Yesterday I looked at Conrad’s latest teaser for his Canadian Edge newsletter, and I promised to follow up today — if you want the big picture and the broader look at trusts in general, start with yesterday’s article here, but if you’re ready to just look at a couple teasers and sniff out the companies with me, read on!
Here’s the next company we’re looking for:
“An energy company that does it all. Much of Canada’s economy is based on energy and natural resources, and many income trusts are in the business of oil and gas extraction. While these energy trusts have had their high-flying moments, most are in the doghouse these days; you won’t find me talking much about them in this letter. Diversified energy companies are a different story though.
“This trust has interests in gas extraction, pipelines, gathering and processing, energy services, even power generation including “green” wind power. With a three-year growth rate of 18%, there’s even the prospect of long-term capital appreciation. In the short term though, this company’s shares are one of the best bargains around – making the 16.94% dividend too tempting to pass up.”
This one pretty much has to be AltaGas Income Trust (ALA-UN in Toronto, ATGFF on the pink sheets), but the distribution yield has dropped a bit since Conrad first penned this teaser, it now stands at about 11%. I actually find this one very interesting, it’s similar in some ways to many of the US MLP midstream energy companies, with a fairly solid transportation, gathering, processing and transmission business, though they also are invested in windfarms and hydroelectric generation, and they bought 5% of the geothermal co. Magma Energy earlier this year. They are also planning to convert to a corporation in the second half of next year, which means that they can re-acquire their natural gas utility that they had to spin off when they converted into a trust, so it will also have that steady utility business to add to the portfolio starting probably next year sometime.
The current yield on this one is a little over 11%, quite a bit nicer than most of the MLPs that are fairly similar in the US — it’s certainly possible that the distribution will shrink when they convert to a corporation, but they’ll still have a nice steady cash flow business and should be able to pay a substantial dividend. They have, for whatever it’s worth, been steadily raising the dividend each year for the past couple years.
“Growth + income in a sheltered oil & gas sector. When you drill for oil and gas, you have your ups and your downs. But regardless of market price, producers rarely turn off the spigots. It’s too costly. No, they keep pumping the stuff to the refineries and downstream markets, through … pipes.
“Say hello to the pipeline industry – the stable, fluctuation-resistant end of the energy biz. Back last June when oil prices were sky-high, this trust’s shares were up near US $19. Now the price has been beaten back down to around US $12 by investors who don’t necessarily understand the fine points of energy economics.
“That offers you a growth + income opportunity with great safety. This trust reports record growth and income in every recent year, with a growth rate around 35%. You just sit back and collect that (yes, monthly) 12.08% distribution check while you wait for share prices to start rising again.”Are you getting our free Daily Update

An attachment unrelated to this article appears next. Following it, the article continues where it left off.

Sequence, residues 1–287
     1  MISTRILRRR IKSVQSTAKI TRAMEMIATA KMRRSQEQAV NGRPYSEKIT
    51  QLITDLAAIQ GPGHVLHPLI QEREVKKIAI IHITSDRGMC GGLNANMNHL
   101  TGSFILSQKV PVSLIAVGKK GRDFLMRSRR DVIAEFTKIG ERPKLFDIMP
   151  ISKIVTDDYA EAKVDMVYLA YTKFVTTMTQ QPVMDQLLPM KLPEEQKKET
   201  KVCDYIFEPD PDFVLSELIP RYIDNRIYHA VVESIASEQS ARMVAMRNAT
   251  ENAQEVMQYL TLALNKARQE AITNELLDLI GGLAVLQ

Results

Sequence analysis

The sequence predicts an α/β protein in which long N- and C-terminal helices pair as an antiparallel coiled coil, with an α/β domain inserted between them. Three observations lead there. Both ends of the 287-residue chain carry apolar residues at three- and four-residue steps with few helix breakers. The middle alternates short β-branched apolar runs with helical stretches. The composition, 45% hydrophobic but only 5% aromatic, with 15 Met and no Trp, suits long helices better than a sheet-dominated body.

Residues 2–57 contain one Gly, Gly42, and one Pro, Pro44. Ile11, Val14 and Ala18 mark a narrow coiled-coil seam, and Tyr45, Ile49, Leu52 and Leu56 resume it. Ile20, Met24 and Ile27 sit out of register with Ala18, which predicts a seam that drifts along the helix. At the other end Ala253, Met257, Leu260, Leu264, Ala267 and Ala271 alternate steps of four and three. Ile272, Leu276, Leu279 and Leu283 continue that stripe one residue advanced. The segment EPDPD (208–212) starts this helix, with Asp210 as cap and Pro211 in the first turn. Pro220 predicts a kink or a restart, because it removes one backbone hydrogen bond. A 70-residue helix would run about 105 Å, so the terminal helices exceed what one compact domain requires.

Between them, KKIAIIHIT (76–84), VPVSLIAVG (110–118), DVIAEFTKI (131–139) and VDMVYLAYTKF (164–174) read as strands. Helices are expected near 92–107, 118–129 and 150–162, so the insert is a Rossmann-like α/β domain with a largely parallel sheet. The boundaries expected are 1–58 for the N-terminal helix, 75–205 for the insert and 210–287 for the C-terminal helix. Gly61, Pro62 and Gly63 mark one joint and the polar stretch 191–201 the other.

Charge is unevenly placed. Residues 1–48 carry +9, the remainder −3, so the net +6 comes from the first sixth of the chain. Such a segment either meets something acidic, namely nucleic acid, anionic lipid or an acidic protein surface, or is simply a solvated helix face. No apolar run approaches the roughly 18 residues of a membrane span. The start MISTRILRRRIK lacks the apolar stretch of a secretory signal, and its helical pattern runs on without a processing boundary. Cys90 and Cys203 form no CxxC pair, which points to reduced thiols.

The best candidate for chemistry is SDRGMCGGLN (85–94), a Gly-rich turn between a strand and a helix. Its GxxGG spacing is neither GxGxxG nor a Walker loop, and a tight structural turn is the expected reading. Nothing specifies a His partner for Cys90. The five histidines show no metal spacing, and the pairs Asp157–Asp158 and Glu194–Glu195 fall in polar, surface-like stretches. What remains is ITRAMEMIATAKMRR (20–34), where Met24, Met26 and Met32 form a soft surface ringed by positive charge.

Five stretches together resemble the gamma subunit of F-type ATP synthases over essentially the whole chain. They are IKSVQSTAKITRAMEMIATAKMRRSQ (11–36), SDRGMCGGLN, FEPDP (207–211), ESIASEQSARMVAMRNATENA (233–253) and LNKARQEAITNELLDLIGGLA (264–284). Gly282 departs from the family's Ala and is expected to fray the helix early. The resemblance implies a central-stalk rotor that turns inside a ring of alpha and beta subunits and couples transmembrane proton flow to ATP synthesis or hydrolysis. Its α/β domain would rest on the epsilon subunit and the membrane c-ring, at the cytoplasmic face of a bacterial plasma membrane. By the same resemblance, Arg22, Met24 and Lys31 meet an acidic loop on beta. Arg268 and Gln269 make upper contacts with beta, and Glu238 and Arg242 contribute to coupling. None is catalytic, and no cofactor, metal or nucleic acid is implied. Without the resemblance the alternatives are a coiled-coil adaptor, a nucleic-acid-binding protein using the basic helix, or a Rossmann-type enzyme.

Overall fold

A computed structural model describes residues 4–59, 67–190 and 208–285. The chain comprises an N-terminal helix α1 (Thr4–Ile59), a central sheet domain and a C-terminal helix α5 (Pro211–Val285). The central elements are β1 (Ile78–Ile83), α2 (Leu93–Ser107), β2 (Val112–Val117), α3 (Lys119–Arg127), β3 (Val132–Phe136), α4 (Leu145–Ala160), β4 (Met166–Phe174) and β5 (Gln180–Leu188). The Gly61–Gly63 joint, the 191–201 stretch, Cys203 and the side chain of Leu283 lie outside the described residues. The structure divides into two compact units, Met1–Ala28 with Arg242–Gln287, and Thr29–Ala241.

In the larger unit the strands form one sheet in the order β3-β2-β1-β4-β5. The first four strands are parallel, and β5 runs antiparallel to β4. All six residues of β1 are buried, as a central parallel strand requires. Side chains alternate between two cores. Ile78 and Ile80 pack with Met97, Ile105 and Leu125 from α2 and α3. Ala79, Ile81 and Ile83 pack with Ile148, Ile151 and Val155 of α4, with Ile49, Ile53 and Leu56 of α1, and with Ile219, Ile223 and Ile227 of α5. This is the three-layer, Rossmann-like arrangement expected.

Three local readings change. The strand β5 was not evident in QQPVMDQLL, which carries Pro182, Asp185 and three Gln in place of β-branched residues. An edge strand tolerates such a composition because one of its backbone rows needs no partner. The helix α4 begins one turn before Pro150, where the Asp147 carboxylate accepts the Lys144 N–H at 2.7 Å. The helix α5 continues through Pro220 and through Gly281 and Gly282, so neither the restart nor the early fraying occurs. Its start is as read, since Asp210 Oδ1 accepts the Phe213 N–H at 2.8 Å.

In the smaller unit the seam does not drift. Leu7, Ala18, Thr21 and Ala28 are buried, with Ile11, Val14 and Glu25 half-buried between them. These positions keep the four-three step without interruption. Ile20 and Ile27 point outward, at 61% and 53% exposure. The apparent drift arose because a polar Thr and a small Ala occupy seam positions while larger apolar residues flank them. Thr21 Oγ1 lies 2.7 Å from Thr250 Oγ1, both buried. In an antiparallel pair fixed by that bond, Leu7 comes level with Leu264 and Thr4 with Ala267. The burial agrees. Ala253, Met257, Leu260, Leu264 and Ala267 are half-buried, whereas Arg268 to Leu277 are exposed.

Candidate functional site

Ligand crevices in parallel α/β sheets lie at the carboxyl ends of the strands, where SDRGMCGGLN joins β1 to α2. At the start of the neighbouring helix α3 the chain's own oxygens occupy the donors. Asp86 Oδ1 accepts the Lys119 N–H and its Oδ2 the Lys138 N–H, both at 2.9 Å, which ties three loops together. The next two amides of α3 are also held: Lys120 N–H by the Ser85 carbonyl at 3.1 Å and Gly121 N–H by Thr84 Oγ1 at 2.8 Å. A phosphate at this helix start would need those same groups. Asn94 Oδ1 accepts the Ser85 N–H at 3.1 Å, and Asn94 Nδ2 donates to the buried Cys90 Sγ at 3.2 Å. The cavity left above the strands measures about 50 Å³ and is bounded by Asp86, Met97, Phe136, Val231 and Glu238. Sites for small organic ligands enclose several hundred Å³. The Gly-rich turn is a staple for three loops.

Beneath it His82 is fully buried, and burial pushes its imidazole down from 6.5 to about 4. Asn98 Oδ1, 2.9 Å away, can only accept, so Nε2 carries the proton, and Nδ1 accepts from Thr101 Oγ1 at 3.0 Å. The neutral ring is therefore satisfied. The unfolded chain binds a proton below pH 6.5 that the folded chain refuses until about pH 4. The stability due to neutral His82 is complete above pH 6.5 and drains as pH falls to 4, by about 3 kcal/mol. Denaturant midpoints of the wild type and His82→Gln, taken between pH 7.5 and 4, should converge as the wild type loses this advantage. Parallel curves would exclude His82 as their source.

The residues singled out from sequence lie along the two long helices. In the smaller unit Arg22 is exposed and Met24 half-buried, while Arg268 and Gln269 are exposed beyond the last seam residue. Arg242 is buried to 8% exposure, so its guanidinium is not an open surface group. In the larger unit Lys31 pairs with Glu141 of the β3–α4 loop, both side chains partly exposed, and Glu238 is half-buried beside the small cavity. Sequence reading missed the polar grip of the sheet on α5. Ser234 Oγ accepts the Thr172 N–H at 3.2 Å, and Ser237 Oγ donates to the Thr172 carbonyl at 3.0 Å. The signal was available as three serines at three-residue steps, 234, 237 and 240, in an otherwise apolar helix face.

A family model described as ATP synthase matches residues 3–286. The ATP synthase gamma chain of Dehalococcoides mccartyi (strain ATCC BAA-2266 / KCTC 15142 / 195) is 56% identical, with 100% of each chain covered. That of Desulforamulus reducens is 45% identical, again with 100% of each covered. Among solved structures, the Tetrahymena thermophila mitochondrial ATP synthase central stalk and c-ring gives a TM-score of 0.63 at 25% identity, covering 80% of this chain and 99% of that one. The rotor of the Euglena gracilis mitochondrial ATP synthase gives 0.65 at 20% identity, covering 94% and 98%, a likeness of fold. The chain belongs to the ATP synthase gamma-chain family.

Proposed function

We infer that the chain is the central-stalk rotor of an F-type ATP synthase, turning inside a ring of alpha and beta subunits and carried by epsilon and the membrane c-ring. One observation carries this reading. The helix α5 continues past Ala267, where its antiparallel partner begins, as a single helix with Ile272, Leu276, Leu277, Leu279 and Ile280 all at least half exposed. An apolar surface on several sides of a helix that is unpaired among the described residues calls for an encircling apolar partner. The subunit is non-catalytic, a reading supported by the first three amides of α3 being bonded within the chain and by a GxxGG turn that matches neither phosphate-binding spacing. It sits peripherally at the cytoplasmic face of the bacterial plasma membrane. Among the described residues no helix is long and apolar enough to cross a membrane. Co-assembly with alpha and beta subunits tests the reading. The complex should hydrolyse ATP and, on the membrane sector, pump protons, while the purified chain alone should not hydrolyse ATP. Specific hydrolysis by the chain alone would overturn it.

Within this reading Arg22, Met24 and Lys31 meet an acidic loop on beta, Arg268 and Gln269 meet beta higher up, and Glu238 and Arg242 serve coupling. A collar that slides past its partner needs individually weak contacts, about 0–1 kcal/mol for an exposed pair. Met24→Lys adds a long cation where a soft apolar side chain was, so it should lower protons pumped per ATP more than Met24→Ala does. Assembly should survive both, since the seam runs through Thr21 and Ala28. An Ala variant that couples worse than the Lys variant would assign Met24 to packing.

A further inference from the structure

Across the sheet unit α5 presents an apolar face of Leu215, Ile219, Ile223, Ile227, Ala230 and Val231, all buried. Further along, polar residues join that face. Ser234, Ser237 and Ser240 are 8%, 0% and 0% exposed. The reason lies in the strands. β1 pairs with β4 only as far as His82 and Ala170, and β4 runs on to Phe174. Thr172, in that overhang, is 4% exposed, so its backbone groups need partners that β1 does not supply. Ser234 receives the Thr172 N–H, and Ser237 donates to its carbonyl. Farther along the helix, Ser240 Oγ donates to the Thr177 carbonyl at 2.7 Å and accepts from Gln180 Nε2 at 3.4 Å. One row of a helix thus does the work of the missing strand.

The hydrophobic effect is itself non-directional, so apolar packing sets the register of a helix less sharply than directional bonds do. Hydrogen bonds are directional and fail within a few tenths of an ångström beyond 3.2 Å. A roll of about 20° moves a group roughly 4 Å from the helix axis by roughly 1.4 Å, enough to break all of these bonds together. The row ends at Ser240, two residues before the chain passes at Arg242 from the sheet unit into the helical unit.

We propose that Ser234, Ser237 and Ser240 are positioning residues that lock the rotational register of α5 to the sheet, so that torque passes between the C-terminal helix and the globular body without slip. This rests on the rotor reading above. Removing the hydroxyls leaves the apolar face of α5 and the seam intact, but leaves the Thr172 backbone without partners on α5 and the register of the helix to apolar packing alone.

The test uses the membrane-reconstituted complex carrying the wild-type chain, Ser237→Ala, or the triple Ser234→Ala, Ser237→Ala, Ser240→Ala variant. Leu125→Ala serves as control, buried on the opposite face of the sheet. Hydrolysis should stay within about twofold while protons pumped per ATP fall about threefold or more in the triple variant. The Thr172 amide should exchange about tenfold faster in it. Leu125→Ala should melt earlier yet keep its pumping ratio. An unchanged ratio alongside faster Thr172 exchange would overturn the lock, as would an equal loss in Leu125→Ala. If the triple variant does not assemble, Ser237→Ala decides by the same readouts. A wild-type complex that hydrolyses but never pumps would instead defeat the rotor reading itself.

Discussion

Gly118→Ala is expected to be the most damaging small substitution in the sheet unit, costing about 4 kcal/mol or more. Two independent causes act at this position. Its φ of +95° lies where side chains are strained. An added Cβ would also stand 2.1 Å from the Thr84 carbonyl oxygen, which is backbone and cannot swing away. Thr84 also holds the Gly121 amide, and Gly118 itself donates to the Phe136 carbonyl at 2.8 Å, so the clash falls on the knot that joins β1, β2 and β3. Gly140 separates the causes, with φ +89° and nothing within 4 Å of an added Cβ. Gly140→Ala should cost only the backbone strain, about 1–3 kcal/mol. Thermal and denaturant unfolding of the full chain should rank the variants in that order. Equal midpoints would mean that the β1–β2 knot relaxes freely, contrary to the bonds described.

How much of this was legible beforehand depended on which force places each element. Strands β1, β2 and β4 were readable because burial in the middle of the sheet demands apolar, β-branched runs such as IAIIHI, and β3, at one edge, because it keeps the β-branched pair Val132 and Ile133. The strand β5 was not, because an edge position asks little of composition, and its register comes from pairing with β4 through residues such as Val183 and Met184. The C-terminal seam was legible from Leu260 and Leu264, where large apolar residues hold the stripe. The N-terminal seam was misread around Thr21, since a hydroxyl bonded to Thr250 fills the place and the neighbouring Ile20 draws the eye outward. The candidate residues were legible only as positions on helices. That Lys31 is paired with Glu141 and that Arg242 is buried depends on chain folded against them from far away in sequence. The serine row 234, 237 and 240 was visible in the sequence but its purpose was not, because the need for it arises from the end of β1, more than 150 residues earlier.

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That’s not a ton of specific clues, but from what we get I’d wager that this is Pembina Pipeline Income Trust (PIF-UN in Toronto, PMBIF on the pink sheets). The price did hit about US$19 at the highs in the Summer of 2008, and like the others it’s a bit higher priced now than when Roger threw this teaser together — it’s just under US$15 now, with a yield of almost exactly 10%. For US investors I’m not sure that I’d focus on Pembina over any of the solid US MLPs unless you’re specifically trying to get into the Canadian dollar — not that there’s anything wrong with Pembina, but I don’t know that their structure or business is particularly unique compared with US MLPs that give you some nice tax advantages.
They do have a pretty broad presence across the main oil and gas region in Western Canada, with a pipeline network spanning BC and Alberta and serving conventional crude oil and nat gas installations, and it appears that their planned growth is largely from serving the oil sands in Alberta (so that’s likely to give them some price sensitivity if oil really drops again and folks take oil sands projects offline), and from growing their midstream and processing businesses. Interesting company, and I’d agree at a quick glance that it’s probably quite safe and steady, but I don’t see a lot that would cause me to pick Pembina, with the uncertainty over what their distribution might be following the tax changes, over someone like Kinder Morgan or Enterprise Products Partners in the US. That said, it’s possible that they’ve announced promising plans for their post-2011 income-producing potential, I haven’t looked at all of their investor presentations and announcements.
That’s about enough sleuthifying for one day, we’ve also got a food distributor and a construction company teased — if you’re interested, I’ll try to get to those in a future writeup. Enjoy the rest of your day!